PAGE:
>From the daybook of the Hesse Hanau Jaeger Corps’ journey across the
June 15 1777: Sunday, adverse wind, rough, foggy weather. We had to
blow our tuba, fire shots, and rattle the anchor chains to warn ships
which were invisible because of the heavy fog. Other ships did
likewise and thus we all escaped the imminent danger of crashing.
July 3 1777, Thursday, beautiful but very warm, wind moderately good.
Around nine o’clock, we sighted a foreign ship in the distance on
which we discovered, through a spyglass, what we believe to be
Jaegers. We immediately conjectured that it might be a part of the
Kornrumpf Company, which had sailed away from us at Plymouth three
weeks before. We blew the tuba, but the wind carried the sound away
from them. Around one o’clock, they blew and we answered. Following
this, they repeated all our signals quite intelligibly.
>From the Order Book of the Hesse Hanau Jager Corps
Portsmouth May 7, 1777 …an oboe player is to be selected who can
announce the orderly to me at all times. He is to have also his rifle
Carillon, October 3, 1777 The remainder of the entire corps is to
remain dressed during the night, so that at the first signal from the
tuba, the men can immediately assemble on the parade with heavy and
light weapons, and await further notice.
Carillon, November 8, 1777 In a thick fog, all boats must be directed
by the tuba, which will be sounded from the Lieutenant Colonel’s boat.
No tuba will be blown by any of the companies except when a boat
meets with an accident.
Point Levi, June 21, 1780 A tuba will be given each company, which in
turn will be given the under officer so he will be able to signal.
Point Levi, November 11 1780 If the night trumpet is sounded, it is
for the color sergeant. If the marching trumpet is sounded, it is for
Wolf’s Cove, September 8 1781 The signal for departure will be given
on the tuba at exactly four-thirty, whereupon all boats may range
themselves in order.
Pointe Au Fer, October 13 1781 The men must have their weapons,
munitions, and light equipment in such order that they can prepare to
march at the first signal on the tuba.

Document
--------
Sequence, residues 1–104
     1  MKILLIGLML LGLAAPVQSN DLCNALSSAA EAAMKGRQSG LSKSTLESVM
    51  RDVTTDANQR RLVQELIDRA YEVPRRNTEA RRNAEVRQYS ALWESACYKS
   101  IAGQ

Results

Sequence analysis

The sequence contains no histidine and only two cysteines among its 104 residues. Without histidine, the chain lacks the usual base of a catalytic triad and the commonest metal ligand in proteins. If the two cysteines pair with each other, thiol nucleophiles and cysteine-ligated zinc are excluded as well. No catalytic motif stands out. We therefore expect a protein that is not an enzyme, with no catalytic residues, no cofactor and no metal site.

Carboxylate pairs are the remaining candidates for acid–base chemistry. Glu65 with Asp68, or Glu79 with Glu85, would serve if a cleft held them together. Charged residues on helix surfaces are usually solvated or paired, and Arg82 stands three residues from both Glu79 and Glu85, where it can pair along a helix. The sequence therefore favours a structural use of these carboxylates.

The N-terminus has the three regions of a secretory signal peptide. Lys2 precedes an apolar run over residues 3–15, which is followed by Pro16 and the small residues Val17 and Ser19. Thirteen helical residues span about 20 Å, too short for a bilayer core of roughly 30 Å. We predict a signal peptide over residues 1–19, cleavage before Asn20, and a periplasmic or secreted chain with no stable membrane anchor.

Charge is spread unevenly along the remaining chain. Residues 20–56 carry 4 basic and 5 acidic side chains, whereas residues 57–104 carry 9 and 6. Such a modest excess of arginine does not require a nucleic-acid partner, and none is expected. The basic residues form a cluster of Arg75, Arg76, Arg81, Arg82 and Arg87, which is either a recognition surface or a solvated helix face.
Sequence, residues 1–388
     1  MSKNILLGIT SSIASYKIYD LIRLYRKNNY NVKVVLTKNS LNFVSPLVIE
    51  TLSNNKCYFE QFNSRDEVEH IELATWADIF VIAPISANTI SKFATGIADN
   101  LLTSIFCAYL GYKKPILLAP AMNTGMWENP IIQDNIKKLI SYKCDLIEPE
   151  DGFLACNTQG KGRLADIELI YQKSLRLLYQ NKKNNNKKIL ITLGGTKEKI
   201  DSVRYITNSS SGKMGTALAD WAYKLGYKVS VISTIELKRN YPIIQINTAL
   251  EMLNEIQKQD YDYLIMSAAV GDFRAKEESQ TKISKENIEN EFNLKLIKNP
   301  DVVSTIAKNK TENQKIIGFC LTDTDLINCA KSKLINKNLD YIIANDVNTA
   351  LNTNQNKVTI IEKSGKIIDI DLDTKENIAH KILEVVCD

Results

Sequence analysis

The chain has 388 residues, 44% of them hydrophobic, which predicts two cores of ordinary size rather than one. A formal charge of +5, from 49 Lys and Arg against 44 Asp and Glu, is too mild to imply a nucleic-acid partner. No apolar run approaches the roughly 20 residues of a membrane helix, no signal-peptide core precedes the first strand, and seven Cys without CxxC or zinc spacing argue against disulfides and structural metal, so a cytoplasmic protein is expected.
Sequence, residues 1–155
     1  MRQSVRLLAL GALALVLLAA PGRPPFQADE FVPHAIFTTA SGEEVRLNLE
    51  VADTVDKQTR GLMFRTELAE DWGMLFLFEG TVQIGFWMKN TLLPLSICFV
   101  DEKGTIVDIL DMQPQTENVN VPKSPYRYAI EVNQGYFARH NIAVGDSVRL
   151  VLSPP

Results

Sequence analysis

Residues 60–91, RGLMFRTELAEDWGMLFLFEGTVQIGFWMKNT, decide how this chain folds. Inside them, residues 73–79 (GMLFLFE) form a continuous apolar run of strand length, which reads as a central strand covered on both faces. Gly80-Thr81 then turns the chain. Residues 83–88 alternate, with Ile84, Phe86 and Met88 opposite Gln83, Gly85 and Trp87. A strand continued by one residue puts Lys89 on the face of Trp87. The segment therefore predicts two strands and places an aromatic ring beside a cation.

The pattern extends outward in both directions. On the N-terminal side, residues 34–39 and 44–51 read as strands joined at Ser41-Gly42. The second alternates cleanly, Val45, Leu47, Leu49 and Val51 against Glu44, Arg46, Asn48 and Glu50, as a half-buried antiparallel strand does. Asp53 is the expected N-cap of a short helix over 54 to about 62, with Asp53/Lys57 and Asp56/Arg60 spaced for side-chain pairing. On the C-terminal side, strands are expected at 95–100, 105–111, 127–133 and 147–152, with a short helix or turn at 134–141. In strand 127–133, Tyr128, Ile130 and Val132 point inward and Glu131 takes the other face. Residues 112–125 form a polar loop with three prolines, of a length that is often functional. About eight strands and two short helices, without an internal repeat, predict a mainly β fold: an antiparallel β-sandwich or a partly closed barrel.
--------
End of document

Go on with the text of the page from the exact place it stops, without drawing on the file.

Pointe Au Fer, October 14 1781 Should the men go out, a tuba signal
will be sounded through the entire camp. While the General is in
camp, neither overcoat nor grey breeches will be worn.
Carillon, November 9 1781 Tonight when the tuba signal is given,
companies will fall in and march to the boats quietly. As soon as
Colonel St. Leger’s signal, which is two musket shots, is given, all
will proceed to the ship and, upon a repeated signal on the tuba, all
are to set out immediately.
There are more instances of the horn being used by the Hesse Hanau
Jager Corps, but the above are the ones I have on hand right now. In
particular there was an incident outside Oswego in 1777 where the horn
players were used to try to get a delirious Jager back to camp.
>The following are accounts from Ewald’s Diary of the Hesse Kassel
The day dawned and I was exposed to a murderous fire. When I looked
around for my men, I saw that no one had followed me except the brave
Lieutenant Trautvetter, my hornblower Muller, Corporal Doerinckel, and
the jagers Reichmeyer, Meister, Mergel, Haschell, Gurckel, Buchwald,
and Ruppel; the last two being severely wounded.
We had no choice but to lie down on the ground before the bridge,
whereupon I ordered “Forward!” sounded constantly. Luckily for us,
Colonel Donop’s column appeared after a lapse of eight or ten minutes,
whereupon the Americans abandoned the redoubt. We arrived in the town